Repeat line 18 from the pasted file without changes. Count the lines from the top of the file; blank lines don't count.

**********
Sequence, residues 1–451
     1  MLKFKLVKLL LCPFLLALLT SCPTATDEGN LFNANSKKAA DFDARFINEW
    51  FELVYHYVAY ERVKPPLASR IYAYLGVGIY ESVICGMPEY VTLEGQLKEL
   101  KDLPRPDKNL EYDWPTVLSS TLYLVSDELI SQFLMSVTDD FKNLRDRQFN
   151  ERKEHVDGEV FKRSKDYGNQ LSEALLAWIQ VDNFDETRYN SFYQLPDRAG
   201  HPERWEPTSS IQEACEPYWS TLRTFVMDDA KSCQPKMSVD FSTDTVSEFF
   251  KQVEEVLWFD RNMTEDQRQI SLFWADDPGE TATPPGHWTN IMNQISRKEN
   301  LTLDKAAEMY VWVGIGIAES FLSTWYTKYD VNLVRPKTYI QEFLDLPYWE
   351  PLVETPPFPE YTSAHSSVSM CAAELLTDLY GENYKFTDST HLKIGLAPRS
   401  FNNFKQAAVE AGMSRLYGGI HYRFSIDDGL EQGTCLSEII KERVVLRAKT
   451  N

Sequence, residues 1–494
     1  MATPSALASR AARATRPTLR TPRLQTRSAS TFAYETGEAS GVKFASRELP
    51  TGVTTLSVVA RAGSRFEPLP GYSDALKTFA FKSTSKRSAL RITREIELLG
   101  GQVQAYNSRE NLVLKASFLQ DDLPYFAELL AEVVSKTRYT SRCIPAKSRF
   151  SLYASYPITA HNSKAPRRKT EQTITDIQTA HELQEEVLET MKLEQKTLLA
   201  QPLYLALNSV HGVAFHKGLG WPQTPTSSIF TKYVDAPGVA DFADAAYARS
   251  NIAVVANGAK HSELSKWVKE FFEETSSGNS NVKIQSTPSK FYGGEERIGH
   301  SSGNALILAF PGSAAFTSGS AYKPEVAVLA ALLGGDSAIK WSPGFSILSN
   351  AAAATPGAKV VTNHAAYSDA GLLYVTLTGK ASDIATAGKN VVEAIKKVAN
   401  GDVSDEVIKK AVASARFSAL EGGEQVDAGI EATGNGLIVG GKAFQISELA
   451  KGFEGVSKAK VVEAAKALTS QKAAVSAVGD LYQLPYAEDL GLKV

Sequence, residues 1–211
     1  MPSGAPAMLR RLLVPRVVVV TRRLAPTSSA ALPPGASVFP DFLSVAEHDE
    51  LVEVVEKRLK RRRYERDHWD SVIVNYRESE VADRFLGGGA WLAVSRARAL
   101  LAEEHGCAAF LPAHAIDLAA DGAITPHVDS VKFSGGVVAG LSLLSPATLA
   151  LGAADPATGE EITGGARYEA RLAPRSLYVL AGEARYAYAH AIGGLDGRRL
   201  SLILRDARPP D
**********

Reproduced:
   251  NIAVVANGAK HSELSKWVKE FFEETSSGNS NVKIQSTPSK FYGGEERIGH